Aboriginal artist selected to represent Canada at 2005 Venice BiennaleLast Updated Thu, 17 Jun 2004 16:19:42 EDT
OTTAWA - Multidisciplinary artist Rebecca Belmore has been selected to represent Canada at the 2005 Venice Biennale of Visual Art, the Canada Council of the Arts announced Thursday.
The Ontario-born, Vancouver-based Belmore is an Anishinabekwe artist working in sculpture, installation, video and performance art.
The Kamloops Art Gallery and the Morris and Helen Belkin Gallery at the University of British Columbia were selected in a Canada-wide competition to represent Canadian visual art at the internationally prominent art exhibition. The two galleries proposed Belmore as a Biennale candidate.
"Rebecca Belmore has produced work of great power and grace," said Jann L.M. Bailey, of the Kamloops gallery, and Scott Watson, of the Belkin gallery, in a statement. The two will also be the curators of the Biennale exhibition.
Bailey and Watson des cribed the artist's work as demonstrating "a spare, exacting sense of form and presence. Her concerns centre on history, memory and justice."
Belmore herself isolated the themes of location and memory in her approach to making art.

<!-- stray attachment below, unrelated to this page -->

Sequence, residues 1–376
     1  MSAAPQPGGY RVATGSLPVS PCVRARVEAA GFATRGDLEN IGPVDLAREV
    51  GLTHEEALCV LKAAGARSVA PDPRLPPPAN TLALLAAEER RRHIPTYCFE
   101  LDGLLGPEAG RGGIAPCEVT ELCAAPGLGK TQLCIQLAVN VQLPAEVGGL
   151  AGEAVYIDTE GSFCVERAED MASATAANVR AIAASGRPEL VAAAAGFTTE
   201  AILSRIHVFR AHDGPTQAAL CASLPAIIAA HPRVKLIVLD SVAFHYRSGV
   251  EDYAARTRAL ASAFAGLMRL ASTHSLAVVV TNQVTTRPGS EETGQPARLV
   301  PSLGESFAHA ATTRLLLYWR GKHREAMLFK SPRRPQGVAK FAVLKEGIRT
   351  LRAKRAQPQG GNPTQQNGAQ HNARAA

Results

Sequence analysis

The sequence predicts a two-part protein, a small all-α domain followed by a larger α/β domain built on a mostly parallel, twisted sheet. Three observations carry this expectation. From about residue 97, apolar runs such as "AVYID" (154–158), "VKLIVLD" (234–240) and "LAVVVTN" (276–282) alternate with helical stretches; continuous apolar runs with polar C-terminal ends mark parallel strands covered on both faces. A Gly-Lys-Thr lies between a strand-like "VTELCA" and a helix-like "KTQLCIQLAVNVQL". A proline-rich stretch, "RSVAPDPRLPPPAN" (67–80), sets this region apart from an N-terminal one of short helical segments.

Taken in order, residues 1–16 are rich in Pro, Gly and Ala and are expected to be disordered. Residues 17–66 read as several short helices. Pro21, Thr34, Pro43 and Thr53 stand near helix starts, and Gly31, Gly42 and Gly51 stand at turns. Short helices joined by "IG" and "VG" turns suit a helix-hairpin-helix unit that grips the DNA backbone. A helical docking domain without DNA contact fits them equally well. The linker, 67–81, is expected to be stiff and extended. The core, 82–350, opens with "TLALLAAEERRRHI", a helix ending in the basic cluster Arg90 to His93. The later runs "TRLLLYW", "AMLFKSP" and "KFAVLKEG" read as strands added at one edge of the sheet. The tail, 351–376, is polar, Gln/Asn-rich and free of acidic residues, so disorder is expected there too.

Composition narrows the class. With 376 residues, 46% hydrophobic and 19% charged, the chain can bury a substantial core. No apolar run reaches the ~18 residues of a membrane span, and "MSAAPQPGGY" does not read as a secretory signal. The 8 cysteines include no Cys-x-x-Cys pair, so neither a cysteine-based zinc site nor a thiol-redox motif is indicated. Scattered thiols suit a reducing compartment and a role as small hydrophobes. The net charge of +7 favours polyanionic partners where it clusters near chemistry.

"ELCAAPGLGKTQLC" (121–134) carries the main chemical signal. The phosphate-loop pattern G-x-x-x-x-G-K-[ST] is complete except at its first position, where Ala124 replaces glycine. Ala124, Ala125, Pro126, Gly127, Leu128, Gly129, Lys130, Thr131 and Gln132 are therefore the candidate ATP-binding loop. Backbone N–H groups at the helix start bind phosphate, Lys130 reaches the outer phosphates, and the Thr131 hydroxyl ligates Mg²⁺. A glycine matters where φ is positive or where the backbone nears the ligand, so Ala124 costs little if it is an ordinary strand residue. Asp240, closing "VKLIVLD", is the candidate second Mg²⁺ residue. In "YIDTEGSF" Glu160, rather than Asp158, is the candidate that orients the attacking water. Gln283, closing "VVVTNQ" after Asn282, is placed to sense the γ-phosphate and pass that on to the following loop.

"I have always had a strong interest in trying to imagine where we have been," she said.
"I am aware of the elusive nature of memory. Creating in the presence of the absent makes me a witness. I believe I am just beginning to understand my role, particularly as an artist who has inherited an indigenous history."
John Hobday, director of the Canada Council, praised the selection committee for its choice of an aboriginal artist to represent Canada on the world stage.
"In its diversity and richness, aboriginal art plays an important role in the contemporary artistic life of Canada," Hobday said. He added that supporting the creation and dissemination of aboriginal art is one of the council's priorities.
Belmore, who has exhibited across Canada and in Cuba, New Mexico and Australia, will develop her as-yet-untitled work for the Biennale over the summer and into the fall, and will complete her piece in the spring of 2005.
The Venice Biennale is the world's oldest and most prestigious international exhibition of contemporary art. In 2001, artists Janet Cardiff and George Bures Miller won two awards at the approximately five-month-long festival for their audio-visual installation The Paradise Institute.
The 51st Venice Biennale will take place June 2005.
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